By Canon Chris Palmer
When I was a child, my children’s bible has an illustration of the devil tempting Jesus in the wilderness, replete with horns and a forked tail. This caricature is somehow part of the image we have of the devil in our culture, though no one seriously believes the devil looks like that. At it’s best this comic nature of the image helps us to laugh, rather than cower before the tempter.
But if this account of the tempter doesn’t figure large in our understanding of faith, temptation is still an reality of our lives. And the story we read in Lent of Jesus being tempted in the wilderness reassures us that Jesus shared with us the experience of being tempted. Jesus grew stronger by resisting temptation – and the temptations we face also offer us the chance to grow in resilience and maturity.
But we need to be prepared! Here are three thoughts about temptation that come from a wiser person than me, in fact from St Ignatius of Loyola, though somewhat filtered through a modern lens!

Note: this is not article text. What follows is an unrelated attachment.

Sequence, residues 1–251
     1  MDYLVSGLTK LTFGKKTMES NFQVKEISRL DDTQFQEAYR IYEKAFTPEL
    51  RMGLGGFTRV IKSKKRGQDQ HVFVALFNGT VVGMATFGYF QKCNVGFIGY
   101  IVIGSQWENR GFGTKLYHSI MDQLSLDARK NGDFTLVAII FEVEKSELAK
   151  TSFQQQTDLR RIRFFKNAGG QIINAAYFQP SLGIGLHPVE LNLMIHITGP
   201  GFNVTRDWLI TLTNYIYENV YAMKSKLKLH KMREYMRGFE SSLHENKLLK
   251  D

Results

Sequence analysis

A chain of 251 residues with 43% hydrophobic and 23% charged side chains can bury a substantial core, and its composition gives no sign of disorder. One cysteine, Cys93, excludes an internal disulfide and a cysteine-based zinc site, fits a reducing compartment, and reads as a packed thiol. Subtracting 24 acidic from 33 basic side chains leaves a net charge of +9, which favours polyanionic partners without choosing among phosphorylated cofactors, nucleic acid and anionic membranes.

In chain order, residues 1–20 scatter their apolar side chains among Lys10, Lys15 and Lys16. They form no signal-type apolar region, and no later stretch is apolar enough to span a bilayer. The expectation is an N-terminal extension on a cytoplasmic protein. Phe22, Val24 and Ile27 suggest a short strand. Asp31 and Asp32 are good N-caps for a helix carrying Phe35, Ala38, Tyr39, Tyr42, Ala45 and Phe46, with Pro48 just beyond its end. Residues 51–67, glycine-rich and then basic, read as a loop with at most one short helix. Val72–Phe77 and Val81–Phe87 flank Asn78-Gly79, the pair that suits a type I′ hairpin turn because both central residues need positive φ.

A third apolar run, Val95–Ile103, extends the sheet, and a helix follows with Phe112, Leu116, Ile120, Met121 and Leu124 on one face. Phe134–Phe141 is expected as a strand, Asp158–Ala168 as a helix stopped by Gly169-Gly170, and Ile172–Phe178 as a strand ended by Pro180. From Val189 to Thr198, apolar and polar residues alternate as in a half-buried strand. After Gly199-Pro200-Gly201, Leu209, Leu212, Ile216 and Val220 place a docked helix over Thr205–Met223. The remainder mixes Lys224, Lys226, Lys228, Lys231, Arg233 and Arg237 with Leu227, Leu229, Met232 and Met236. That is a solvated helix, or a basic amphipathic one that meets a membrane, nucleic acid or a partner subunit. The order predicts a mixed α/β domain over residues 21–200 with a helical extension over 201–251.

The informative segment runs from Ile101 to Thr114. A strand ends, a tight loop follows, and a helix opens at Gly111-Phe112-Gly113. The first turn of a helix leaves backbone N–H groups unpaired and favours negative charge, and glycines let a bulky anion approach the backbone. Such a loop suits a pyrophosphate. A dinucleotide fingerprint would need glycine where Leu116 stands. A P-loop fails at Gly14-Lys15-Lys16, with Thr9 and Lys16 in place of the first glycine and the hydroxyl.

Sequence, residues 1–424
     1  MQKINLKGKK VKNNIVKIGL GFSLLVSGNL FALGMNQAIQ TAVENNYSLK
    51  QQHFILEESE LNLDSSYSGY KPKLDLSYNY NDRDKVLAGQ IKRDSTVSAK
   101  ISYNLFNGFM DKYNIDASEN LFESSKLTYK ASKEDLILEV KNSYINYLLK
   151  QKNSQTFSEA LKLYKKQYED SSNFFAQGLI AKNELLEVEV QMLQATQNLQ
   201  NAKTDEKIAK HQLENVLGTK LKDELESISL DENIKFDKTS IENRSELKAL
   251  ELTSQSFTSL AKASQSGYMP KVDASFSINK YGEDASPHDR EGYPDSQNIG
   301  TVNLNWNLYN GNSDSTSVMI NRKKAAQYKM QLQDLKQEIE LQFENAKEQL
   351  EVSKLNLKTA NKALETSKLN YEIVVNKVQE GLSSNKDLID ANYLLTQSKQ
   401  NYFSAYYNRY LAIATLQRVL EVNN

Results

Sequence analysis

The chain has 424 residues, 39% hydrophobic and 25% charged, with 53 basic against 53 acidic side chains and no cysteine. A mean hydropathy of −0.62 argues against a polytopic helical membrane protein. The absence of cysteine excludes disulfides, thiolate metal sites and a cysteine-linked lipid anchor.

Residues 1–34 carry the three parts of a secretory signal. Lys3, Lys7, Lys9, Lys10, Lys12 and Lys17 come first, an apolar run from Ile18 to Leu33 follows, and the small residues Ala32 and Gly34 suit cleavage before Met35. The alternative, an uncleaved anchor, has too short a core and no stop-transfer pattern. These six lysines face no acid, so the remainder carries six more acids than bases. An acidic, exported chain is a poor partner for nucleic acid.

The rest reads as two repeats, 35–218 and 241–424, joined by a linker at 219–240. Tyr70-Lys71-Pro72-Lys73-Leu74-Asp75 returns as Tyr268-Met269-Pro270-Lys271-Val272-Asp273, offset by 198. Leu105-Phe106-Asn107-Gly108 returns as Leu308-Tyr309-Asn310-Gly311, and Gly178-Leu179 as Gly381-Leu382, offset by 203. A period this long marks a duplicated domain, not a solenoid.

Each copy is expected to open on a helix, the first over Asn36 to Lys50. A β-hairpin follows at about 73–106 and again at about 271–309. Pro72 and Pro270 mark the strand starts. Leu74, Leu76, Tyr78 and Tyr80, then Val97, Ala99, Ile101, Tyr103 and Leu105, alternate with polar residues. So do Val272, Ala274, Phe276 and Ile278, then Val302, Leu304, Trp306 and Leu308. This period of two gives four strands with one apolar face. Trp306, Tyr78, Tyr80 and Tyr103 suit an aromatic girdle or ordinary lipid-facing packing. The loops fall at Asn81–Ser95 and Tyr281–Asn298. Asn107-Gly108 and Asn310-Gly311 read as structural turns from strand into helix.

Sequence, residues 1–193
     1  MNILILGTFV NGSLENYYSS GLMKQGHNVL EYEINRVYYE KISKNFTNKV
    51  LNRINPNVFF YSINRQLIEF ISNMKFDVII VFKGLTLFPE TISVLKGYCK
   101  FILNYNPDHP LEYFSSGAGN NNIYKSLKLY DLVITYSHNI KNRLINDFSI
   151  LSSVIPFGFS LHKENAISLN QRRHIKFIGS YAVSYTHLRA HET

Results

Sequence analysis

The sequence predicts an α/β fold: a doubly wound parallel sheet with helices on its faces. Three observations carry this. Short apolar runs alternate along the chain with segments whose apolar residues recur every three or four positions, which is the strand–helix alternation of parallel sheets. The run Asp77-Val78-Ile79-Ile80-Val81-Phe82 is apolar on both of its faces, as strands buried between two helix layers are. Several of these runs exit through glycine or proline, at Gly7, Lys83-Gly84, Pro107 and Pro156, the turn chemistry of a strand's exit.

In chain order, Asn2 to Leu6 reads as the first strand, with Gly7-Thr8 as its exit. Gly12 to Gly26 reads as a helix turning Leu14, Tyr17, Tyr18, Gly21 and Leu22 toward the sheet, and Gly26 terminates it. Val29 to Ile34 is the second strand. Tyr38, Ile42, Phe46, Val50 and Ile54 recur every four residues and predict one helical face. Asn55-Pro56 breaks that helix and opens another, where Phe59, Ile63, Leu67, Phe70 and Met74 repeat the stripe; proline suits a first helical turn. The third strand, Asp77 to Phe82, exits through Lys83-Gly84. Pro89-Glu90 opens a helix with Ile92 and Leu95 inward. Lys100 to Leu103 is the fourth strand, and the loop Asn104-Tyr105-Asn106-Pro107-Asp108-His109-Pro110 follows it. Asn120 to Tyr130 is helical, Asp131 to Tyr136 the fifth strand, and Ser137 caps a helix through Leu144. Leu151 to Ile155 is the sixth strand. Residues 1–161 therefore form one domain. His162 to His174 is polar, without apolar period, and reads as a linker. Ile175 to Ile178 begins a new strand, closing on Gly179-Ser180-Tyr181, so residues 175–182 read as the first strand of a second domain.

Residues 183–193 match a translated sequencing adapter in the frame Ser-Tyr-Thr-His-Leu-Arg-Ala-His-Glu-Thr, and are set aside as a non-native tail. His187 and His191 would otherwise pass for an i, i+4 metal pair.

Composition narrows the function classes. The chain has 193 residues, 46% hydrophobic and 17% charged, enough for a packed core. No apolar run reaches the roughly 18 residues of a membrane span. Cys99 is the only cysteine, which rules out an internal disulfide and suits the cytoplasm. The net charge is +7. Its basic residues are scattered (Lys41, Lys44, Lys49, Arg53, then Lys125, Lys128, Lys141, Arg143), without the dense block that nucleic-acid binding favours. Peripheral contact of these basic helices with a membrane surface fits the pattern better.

Temptation acts like a spoilt child: the more you indulge them, the more demanding they get. But whenever we resist temptation, the temptation becomes less ferocious next time. Just as parents need, gently, to be in control of their children, so we must control our urges, and not let our urges control us.
Temptation acts like an adulterous lover, who is desperate to keep their advances secret. Secrecy is the context in which temptation flourishes, but when we reveal our temptations – or our sins – to another trusted, wise person, they begin to lose their power.
Temptation acts like a military leader attacking a city, choosing the weakest point to attack. So our temptations comes at the places and issues around which we are most vulnerable. So it’s important to strengthen ourselves at these points of vulnerability.
Oscar Wilde famously said, “I can resist everything except temptation.” It is a witticism that gets a laugh, but in reality, not resisting temptation produces a world of broken relationships, traumatised communities, and a polluted environment. Resisting temptation can feel unfashionable and prudish, but really it is wonderful good news: we can, with God’s strength, be our best selves – flourishing and enabling others to flourish too. Thanks be to God!
Image: Juan de Flandes, Temptation of Christ in the Wilderness. National Gallery of Art, Washington